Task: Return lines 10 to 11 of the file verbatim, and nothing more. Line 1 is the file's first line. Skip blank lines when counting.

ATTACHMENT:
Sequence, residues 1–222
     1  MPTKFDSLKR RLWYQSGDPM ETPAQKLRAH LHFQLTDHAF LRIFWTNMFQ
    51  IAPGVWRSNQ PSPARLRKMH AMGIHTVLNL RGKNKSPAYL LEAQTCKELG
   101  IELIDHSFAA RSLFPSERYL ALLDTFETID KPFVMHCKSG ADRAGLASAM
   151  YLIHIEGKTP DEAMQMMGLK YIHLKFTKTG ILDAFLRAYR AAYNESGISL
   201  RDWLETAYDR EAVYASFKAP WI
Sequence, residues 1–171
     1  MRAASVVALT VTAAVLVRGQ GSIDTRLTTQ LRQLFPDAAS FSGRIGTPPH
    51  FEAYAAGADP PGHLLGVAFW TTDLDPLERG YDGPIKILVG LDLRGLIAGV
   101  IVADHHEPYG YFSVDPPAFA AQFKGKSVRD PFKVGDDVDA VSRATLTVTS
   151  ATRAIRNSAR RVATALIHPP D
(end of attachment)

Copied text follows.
   101  IVADHHEPYG YFSVDPPAFA AQFKGKSVRD PFKVGDDVDA VSRATLTVTS
   151  ATRAIRNSAR RVATALIHPP D